Truman and the Minimum Wage

trumanCourtesy of Norcal Fight For 15, with over 700 likes and 8,000 shares.  One notable share was The Other 98%, which has over 2 million subscribers.  This meme uses the 1950 minimum wage increase under Truman, and the decrease in unemployment rate over the next couple years, to suggest that increasing the minimum wage doesn’t have the effect of decreasing employment.  In doing so, it leaves out some crucial context that misleads the viewer into making an incorrect assumption.

A Quick Overview of Economics

A common thread in academics is correlation doesn’t equal causation.  If you notice that every time you wore red the past week it rained, it would be improper to equate your fashion choices with causing the rain.  The same is certainly true in economics.  We can’t pick one data point and assume an effect was caused by it.  The economy is extraordinarily complex, with countless factors involved.  Data is important, but it must be taken in context, and mated with a logical economic theory that justifies a conclusion.

As far as this meme goes, let’s look at some of the other factors going on in the economy at the time.

The Korean War

The Korean War began in June 1950, the same year as the minimum wage hike (which was in late January).  Over 5.7 million service members were involved in the war effort, a significant amount considering most were in their prime working years.  Just as with World War II, it’s not surprising that the unemployment rate drops during a large war, although that’s not exactly the kind of job growth to get excited over.  Even here, correlation doesn’t necessarily equal causation, but look at the unemployment chart below.  Examine the unemployment trend after 1950, and take a wild guess at when the Korean War ended.


Unemployment in the 1950s.

The answer is July of 1953, right where the rate starts to spike again!  In that month, the unemployment rate was at 2.6%.  Six months later that rate had doubled, and a year later it was back at 6%, roughly the same as before the war started (source: FRED).  Putting our economist hats on, this does not prove that the war caused the unemployment to drop, but most would agree it’s a more convincing correlation that jives with a logical economic rationale.



Post WWII Inflation

Due to the expansion of the money supply for funding World War II, the postwar period saw significant inflation rates.  Between 1945 and 1950, the value of the dollar dropped about 34%.  The previous minimum wage increase to $.40/hr was in 1945.  Using an inflation calculator, $.40 in 1945 equaled $.54 by 1950.  This means the seemingly dramatic increase from $.40 to $.75/hr wasn’t as much as it appears.  Instead of an 87% increase, it was only a 38% increase in real terms, far from “nearly doubling”.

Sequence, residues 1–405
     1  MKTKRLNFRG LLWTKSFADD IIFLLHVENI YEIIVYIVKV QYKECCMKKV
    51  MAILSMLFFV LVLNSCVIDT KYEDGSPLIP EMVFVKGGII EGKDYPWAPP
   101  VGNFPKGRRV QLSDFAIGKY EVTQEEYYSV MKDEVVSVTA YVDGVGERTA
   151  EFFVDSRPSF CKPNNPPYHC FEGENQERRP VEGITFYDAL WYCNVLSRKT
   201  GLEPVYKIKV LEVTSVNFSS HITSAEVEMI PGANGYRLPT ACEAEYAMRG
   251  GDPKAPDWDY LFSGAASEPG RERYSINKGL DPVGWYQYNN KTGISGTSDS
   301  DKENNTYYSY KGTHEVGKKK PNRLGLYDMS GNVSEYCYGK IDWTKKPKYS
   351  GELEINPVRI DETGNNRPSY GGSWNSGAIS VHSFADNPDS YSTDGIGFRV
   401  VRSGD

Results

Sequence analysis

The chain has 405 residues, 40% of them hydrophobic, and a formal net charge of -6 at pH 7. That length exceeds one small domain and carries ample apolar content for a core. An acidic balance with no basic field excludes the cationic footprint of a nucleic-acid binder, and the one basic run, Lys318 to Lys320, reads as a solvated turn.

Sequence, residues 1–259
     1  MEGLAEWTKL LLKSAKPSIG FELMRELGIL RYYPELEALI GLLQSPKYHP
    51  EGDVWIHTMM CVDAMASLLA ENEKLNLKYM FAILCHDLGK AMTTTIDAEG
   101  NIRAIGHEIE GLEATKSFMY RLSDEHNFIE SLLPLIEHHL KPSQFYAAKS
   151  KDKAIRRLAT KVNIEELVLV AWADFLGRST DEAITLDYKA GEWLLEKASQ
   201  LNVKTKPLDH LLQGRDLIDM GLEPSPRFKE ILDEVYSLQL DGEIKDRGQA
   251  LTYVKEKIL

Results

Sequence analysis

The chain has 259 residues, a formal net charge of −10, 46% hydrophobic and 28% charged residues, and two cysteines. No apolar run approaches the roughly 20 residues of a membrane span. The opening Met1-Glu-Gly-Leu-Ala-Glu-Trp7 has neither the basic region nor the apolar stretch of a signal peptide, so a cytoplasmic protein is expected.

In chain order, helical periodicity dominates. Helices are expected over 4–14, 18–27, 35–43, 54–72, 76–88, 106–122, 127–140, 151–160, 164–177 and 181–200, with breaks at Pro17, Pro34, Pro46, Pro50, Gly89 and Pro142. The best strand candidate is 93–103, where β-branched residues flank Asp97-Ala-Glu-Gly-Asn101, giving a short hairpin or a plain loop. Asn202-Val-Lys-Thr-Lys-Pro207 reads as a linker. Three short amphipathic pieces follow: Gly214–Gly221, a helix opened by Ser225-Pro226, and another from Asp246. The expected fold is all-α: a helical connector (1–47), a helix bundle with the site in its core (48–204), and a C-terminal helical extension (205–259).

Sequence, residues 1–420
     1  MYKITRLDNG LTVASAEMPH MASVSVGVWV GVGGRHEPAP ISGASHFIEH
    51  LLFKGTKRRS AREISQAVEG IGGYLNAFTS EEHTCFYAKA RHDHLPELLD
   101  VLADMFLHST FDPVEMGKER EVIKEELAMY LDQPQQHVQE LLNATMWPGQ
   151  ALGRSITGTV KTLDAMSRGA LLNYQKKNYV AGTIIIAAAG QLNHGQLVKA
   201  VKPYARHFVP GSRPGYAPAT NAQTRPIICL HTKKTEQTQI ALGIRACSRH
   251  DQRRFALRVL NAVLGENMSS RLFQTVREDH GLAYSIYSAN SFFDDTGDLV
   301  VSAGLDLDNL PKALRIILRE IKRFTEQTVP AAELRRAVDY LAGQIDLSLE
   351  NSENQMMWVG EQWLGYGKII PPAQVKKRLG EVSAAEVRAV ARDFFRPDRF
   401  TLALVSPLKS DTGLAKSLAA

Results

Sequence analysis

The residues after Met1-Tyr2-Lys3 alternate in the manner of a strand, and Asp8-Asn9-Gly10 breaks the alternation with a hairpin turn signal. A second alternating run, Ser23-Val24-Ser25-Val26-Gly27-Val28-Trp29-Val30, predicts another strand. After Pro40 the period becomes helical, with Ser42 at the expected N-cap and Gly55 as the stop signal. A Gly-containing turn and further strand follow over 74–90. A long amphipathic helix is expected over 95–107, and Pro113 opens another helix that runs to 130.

It Applied to Fewer Workers

Originally, the Fair Labor Standards Act of 1938, which instituted the minimum wage, did not apply to many of the workers it does today.  For example, all agricultural workers were exempt until the 60’s, as were state and local government employees, and many retail, gas station and restaurant workers.  This meant a much smaller portion of workers were affected, which lessened any effects raising the minimum wage might have on unemployment.

Postwar Economic Environment

It’s important to remember some other economic factors during the time of this meme.  Most of the developed world was still rebuilding from WWII, meaning the US was the prime manufacturer for most of the world’s goods.  From automobiles, to air conditioners, to toasters, the US had the factories, capital, and competitive edge to make them.  While the minimum wage would still have an effect, it’s not the same economic environment as today, where the global market is more competitive.  China and the rest of Asia were still mostly agrarian societies in the 50’s, and couldn’t yet take advantage of their lower labor costs in an industrial economy.


This meme makes factual claims, but does so in a vacuum.  It leaves out crucial context that would likely make most people change their minds about their assertion.  Furthermore, one could point to other instances where a significant increase in the minimum wage did result in killing jobs, like in America Samoa, where it decimated the economy.

The economic reality is that minimum wage is just one factor in many that can influence an economy.  Economic theory does not tell us increasing the minimum wage will result in a higher unemployment rate, as there are other factors in play that could be more significant (like a war).  Economic theory does tell us that, all things being equal, raising prices decreases demand, and labor is no different.



1 Comment on "Truman and the Minimum Wage"

  1. Jason Lingel | May 8, 2016 at 3:43 pm |

    Interesting that you claim that the meme is lacking context but do the same with American Somoa. At least your cited your source, you just don’t seem to have read it.

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